In today’s competitive job market, a carefully crafted letter of interest is a powerful tool for standing apart from the crowd.
In this post, you’ll learn how to write an outstanding letter of interest that gets you noticed, builds interest, and elicits positive responses.
What is a letter of interest?
A letter of interest lets a company know you want to work for them in a role they’re not currently or openly hiring for.
It focuses on communicating how your skillset might benefit the company so they keep you in mind when (and if) a specific role becomes available.
Sending a letter of interest is a great way to introduce yourself to a company, and it shows them you’re willing to take the initiative to reach out proactively.
If done right, this can lead to a coffee chat or an informational interview with the hiring manager of the team you want to work with.
Letter of Interest vs. Cover Letter
The main differences between a letter of interest and a cover letter are their purpose and approach.
A cover letter is typically submitted as a supporting document in response to a specific job posting, while a letter of interest is unsolicited and proactive.
It isn’t written in response to an open opportunity but aims to create opportunities by putting yourself on the company’s radar and openly expressing your interest in working with them.
Another significant difference is how the contents of each document are written.
A cover letter must be tailored to a specific job’s requirements. This document will convince the employer that you are the best fit for that role. On the other hand, letters of interest can be more general in scope.
While you should highlight specific skill sets, the primary goal is to generate enough interest to initiate a conversation.
How to Write a Letter of Interest
Your letter of interest needs to be compelling enough to capture the attention of a busy manager and generate enough interest in you as a professional to elicit a response. While this may seem daunting, here’s how to do this in 5 simple steps.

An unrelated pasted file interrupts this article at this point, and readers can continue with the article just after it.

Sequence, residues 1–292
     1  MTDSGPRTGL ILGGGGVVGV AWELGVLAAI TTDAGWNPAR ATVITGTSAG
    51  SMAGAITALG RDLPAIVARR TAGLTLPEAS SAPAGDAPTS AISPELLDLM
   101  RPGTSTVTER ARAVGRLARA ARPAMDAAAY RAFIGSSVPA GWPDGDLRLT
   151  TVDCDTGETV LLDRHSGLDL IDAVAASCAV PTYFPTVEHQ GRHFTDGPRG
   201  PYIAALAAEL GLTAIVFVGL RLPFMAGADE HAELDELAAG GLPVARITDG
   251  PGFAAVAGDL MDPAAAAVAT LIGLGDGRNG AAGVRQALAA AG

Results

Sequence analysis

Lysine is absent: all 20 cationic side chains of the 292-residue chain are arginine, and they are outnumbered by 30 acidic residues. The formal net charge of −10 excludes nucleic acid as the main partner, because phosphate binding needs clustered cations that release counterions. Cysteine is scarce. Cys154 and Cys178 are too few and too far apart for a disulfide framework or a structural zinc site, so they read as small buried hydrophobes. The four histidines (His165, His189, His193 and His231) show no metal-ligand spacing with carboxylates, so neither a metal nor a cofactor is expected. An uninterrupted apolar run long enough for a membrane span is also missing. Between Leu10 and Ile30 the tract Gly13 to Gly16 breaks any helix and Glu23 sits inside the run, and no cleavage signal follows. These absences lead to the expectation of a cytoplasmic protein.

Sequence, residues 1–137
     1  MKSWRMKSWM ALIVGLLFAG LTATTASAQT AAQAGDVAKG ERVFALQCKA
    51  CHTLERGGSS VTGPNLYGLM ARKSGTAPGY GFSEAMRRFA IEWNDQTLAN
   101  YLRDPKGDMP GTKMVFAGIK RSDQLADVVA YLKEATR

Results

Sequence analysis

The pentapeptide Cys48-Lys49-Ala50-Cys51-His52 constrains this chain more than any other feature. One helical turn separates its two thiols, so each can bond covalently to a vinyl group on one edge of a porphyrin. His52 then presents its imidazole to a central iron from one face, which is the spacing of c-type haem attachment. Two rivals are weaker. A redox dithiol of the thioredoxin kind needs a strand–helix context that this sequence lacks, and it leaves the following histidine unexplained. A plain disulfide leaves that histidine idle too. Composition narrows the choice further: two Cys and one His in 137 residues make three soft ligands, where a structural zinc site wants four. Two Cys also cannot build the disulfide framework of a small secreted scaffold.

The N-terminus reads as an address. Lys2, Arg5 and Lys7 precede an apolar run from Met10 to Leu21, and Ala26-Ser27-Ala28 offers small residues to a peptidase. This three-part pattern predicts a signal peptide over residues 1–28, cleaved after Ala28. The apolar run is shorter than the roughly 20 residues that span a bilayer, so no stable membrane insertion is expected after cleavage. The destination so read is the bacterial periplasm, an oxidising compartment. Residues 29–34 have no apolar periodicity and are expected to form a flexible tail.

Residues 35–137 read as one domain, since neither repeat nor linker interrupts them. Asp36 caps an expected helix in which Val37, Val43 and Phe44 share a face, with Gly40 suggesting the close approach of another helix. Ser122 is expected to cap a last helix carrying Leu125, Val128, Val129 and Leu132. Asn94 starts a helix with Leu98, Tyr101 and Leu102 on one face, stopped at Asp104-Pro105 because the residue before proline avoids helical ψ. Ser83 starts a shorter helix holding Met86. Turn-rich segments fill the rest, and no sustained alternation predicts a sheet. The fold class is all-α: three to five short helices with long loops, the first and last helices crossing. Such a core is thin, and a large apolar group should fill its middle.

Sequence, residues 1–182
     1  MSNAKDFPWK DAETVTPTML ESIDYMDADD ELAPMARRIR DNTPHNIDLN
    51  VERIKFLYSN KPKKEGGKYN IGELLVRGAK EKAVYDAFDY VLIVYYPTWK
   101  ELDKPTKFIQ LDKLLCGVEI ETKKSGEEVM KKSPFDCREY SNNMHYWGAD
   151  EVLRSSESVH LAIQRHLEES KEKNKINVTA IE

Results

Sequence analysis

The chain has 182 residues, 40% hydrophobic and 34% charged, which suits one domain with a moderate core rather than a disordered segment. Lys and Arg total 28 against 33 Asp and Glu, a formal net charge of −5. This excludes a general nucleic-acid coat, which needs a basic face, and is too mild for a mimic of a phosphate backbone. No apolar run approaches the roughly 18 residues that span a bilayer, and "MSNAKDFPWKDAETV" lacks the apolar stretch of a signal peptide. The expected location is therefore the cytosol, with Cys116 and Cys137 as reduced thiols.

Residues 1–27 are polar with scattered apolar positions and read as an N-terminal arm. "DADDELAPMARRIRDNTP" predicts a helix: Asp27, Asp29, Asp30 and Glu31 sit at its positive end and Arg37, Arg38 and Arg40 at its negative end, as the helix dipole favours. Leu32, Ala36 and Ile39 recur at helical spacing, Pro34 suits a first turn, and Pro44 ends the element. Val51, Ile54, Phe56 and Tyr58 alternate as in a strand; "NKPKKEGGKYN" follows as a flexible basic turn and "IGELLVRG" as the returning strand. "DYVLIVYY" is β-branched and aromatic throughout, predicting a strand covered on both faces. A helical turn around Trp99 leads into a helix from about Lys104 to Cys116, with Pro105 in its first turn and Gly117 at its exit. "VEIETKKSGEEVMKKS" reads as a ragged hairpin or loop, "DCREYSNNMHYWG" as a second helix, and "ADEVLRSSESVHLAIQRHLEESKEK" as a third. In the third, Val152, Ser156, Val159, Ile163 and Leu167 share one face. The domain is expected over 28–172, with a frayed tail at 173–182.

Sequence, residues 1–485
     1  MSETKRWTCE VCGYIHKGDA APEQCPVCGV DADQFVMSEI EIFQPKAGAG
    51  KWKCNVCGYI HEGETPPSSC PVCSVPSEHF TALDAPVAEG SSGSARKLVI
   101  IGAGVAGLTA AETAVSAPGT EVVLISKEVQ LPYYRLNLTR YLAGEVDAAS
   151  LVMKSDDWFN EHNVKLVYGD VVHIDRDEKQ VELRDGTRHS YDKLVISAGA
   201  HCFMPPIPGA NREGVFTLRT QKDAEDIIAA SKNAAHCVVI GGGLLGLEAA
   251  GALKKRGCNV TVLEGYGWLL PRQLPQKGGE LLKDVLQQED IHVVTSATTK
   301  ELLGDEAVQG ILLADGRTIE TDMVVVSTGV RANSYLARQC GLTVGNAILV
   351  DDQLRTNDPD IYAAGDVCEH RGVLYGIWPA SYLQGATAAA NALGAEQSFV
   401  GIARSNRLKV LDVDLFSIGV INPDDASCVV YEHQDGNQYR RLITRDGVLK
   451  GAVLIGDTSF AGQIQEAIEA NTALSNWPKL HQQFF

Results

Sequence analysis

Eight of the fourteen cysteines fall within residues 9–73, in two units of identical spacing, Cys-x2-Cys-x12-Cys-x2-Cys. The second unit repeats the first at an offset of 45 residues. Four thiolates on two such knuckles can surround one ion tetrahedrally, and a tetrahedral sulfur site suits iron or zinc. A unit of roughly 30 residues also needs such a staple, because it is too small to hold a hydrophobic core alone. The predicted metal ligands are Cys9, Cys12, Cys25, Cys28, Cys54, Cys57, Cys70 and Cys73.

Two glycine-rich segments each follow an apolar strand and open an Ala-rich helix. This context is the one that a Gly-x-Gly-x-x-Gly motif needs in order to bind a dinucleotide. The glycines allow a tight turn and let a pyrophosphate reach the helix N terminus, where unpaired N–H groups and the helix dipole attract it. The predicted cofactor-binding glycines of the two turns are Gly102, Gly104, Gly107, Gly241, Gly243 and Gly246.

Please note that this structure assumes there is a specific team and role you want to be considered for.
1. Briefly introduce yourself.
You must provide context so the recipient understands why you’re reaching out. Failure to do so is a surefire way to end up in the trash or spam folder.
Here are some tips for writing your introduction:
- Keep it concise. You will likely be one of the thousands of emails in their inbox, so they won’t be particularly inclined to sit through a winding introduction.
- Provide context for your letter. The more specific and relevant, the better. If you have a mutual contact, learned of a recent development, or have simply been following them for a while, this is the place you want to highlight that.
- Clearly state why you’re reaching out. Finally, you want to explain why you’re reaching out as clearly and quickly as possible. Don’t dance around the topic; you want to move them to the next section of your letter as soon as possible.
2. Hook the hiring manager with proof that you understand their problems.
To immediately grab a hiring manager’s attention after your introduction, you should show that you’ve done your homework and understand the problems they’re currently trying to solve.
A great way to do this is by referencing similar experiences at a current or prior job. This helps you establish a connection and show the hiring manager you can relate to the problem they’re addressing.
It also creates a hook that builds interest and prompts them to read the rest of the letter.